Excerpts from the Synod on the Family for apologetics use

Okay, I know that many people are all manner of bent out of shape about what they have heard or read about the document from the synod. I have finally finished reading it and have assembled quite a few excerpts that I have been sharing with friends who also were distressed by what they’ve heard. Here is a link to the Vatican copy.

I think it’s very important that we take the time to carefully read the document for ourselves so that we 1. understand it ourselves, and 2. can then effectively dialog about it with those who (whether Catholic or non) have misunderstood it and/or been misled about it.

I will now post my excerpts and we can discuss as needed.

“In many contexts, and not only in the West, the practice of cohabitation before marriage, or indeed cohabitation not orientated towards assuming the form of an institutional bond, is increasingly widespread.”

“The danger of individualism and the risk of living selfishly are significant.”

“The crisis in the couple destabilizes the family and may lead, through separations and divorce, to serious consequences for adults, children and society as a whole, weakening the individual and social bonds. The decline in population not only creates a situation in which the alternation of generations is no longer assured, but over time also risks leading to economic impoverishment and a loss of hope in the future.”

“The great values of marriage and the Christian family correspond to the search that distinguishes human existence even in a time marked by individualism and hedonism. It is necessary to accept people in their concrete being, to know how to support their search, to encourage the wish for God and the will to feel fully part of the Church, also on the part of those who have experienced failure or find themselves in the most diverse situations. This requires that the doctrine of the faith, the basic content of which should be made increasingly better known, be proposed alongside with mercy.”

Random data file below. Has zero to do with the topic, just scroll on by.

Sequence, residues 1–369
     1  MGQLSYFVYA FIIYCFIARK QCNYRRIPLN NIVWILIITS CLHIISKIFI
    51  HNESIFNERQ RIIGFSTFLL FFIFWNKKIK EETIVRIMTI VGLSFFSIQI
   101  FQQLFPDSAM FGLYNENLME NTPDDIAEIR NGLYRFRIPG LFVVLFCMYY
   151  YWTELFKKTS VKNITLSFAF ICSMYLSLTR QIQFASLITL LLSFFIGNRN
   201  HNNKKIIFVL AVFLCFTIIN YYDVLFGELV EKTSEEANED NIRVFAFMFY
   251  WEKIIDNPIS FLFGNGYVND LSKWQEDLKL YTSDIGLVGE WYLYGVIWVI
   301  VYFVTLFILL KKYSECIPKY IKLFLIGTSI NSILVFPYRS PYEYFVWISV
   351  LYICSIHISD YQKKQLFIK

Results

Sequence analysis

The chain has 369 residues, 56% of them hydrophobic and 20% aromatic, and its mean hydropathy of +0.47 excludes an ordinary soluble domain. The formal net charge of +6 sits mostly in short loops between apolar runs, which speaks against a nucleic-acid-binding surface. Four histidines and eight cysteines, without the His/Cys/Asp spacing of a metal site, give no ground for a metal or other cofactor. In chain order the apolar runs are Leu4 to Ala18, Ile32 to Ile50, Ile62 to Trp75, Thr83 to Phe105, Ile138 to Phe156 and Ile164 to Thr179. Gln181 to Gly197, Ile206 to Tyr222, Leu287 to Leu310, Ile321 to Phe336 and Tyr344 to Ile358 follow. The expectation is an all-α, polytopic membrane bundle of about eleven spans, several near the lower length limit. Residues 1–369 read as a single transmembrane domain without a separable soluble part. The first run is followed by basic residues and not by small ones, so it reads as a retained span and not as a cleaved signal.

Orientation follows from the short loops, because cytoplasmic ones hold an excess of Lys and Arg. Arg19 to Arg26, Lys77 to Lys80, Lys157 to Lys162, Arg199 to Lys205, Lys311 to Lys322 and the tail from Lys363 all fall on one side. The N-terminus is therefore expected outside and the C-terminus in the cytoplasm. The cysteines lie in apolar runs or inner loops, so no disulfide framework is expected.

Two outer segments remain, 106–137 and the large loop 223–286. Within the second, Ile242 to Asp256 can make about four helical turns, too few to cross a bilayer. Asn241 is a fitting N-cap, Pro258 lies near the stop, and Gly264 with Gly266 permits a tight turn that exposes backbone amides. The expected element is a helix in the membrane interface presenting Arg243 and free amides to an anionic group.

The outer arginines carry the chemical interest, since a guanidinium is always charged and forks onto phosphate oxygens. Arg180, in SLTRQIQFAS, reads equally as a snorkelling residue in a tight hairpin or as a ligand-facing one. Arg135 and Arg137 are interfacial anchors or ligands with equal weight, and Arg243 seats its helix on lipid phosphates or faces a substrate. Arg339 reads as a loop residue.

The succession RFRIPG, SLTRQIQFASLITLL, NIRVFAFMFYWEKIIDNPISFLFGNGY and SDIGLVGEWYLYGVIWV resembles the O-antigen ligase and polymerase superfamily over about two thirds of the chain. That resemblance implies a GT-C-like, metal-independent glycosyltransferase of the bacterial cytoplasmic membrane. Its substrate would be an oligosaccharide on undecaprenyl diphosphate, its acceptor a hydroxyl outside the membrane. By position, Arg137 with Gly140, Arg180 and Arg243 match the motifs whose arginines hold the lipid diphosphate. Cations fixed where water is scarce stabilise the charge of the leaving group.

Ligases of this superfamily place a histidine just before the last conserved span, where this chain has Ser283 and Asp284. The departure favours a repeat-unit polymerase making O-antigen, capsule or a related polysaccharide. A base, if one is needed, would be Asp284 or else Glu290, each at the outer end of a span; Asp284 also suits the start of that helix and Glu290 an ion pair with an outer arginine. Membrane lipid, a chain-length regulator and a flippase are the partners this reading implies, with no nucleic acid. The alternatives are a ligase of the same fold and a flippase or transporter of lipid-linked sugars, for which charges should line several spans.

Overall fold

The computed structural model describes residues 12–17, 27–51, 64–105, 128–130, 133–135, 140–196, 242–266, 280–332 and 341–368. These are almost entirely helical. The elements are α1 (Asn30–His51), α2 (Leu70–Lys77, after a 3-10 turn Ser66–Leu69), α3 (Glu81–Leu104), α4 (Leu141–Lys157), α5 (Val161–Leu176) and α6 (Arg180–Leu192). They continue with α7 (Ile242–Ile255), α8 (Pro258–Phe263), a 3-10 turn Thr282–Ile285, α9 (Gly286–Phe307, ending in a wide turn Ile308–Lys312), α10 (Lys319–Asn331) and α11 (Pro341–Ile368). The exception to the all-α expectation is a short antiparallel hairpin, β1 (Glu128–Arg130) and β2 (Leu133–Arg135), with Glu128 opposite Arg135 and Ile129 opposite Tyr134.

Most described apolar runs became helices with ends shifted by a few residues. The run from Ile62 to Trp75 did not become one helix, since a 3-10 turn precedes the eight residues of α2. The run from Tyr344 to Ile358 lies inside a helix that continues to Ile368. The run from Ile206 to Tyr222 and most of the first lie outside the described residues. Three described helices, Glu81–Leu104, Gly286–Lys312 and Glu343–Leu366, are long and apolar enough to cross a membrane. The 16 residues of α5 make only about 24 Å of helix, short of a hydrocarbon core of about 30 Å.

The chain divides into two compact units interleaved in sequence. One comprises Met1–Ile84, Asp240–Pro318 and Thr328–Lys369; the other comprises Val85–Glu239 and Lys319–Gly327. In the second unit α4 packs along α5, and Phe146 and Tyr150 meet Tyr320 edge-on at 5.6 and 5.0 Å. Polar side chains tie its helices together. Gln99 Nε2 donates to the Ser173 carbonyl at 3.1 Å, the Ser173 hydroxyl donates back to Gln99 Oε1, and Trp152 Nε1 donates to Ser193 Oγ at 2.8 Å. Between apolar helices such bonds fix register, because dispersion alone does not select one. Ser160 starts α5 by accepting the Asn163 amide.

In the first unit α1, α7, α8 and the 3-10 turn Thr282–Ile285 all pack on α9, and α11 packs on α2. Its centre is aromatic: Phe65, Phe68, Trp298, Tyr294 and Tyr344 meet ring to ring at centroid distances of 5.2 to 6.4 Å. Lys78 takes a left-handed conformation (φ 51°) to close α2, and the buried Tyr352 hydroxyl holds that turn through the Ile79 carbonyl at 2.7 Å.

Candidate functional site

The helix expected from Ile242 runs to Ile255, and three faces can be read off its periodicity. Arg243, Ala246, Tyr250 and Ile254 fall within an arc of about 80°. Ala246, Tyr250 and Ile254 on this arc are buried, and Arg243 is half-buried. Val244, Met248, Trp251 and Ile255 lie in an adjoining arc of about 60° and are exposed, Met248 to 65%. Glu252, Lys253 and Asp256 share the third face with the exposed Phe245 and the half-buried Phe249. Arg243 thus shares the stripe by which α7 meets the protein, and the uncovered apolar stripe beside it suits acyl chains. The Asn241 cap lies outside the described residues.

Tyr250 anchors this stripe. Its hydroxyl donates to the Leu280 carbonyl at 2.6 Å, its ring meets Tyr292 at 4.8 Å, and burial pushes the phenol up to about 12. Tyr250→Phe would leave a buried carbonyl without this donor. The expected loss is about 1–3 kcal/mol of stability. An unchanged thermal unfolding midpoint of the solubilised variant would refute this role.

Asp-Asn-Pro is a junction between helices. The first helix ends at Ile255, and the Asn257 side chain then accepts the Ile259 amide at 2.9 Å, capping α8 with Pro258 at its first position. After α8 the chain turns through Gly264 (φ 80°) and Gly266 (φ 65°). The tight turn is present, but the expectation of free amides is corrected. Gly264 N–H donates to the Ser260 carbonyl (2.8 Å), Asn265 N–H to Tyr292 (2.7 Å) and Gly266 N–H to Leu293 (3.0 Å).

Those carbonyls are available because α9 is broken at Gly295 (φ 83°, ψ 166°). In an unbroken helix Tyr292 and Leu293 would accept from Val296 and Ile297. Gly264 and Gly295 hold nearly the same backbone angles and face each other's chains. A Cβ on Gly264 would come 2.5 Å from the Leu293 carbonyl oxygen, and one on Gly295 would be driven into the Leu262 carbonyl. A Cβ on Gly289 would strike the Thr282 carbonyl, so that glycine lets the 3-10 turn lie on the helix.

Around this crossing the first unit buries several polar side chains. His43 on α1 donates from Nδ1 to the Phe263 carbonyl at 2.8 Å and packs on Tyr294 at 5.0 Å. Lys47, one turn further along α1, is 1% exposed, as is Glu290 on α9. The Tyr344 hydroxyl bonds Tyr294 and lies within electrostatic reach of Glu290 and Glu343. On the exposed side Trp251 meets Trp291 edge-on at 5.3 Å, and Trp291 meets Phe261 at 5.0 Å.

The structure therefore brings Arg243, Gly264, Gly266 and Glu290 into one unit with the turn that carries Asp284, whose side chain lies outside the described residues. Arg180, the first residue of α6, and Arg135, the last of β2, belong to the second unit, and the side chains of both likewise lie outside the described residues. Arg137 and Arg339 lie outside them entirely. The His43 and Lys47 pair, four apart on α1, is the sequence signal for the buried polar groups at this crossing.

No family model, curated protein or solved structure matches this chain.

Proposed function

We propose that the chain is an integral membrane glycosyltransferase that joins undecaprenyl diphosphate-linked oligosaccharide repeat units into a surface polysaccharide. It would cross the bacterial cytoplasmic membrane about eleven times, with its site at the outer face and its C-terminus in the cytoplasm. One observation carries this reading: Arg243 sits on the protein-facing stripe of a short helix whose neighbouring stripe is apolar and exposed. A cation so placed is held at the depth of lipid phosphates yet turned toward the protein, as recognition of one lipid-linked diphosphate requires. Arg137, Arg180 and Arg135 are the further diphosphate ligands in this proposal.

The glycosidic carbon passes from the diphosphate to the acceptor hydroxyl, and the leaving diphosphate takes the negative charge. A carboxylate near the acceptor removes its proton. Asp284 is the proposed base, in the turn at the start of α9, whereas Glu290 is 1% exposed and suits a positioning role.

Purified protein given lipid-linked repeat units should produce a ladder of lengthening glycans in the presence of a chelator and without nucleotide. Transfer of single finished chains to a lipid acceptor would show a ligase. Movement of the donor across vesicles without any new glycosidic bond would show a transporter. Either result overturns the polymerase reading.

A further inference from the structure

**“**Imitating Jesus’ merciful gaze, the Church must accompany her most fragile sons and daughters, marked by wounded and lost love, with attention and care, restoring trust and hope to them like the light of a beacon in a port, or a torch carried among the people to light the way for those who are lost or find themselves in the midst of the storm.”

The Synod dialog has allowed an agreement on some of the more urgent pastoral needs to be entrusted to being made concrete in the individual local Churches,

The announcement of the Gospel of the family is an urgent issue for the new evangelization. The Church has to carry this out with the tenderness of a mother and the clarity of a teacher (cf. *Eph *4,15), in fidelity to the merciful kenosi of Christ. The truth is incarnated in human fragility not to condemn it, but to cure it.

Evangelizing is the shared responsibility of all God’s people, each according to his or her own ministry and charism. Without the joyous testimony of spouses and families, the announcement, even if correct, risks being misunderstood or submerged by the ocean of words that is a characteristic of our society…

It will be decisive to highlight the primacy of grace, and therefore of the possibilities that the Spirit gives in the sacrament. This is about letting it be known that the Gospel of the family is a joy that «fills the hearts and lives», because in Christ we are «set free from sin, sorrow, inner emptiness, and loneliness» (Evangelii Gaudium, 1). In the light of the parable of the sower (cf. Mt 13,3), our task is to cooperate in the sowing: the rest is God’s work. We must not forget that the Church that preaches about the family is a sign of contradiction.

It must not be forgotten that the crisis of faith has led to a crisis in matrimony and the family and, as a result, the transmission of faith from parents to children has often been interrupted.

Christian marriage cannot only be considered as a cultural tradition or social obligation, but has to be a vocational decision taken with the proper preparation in an itinerary of faith, with mature discernment.

In the same way, the necessity was underlined for an evangelization that denounces clearly the cultural, social and economic factors, for example, the excessive room given to market logic, that prevents an authentic family life, leading to discrimination, poverty, exclusion, and violence.

 Of great importance in this pastoral is the presence of experienced couples. The parish is considered the ideal place for expert couples to place themselves at the disposal of younger ones. Couples need to be encouraged towards a fundamental welcome of the great gift of children. The importance of family spirituality and prayer needs to be underlined, encouraging couples to meet regularly to promote the growth of the spiritual life and solidarity in the concrete demands of life. Meaningful liturgies, devotional practices and the Eucharist celebrated for families, were mentioned as vital in favoring evangelization through the family.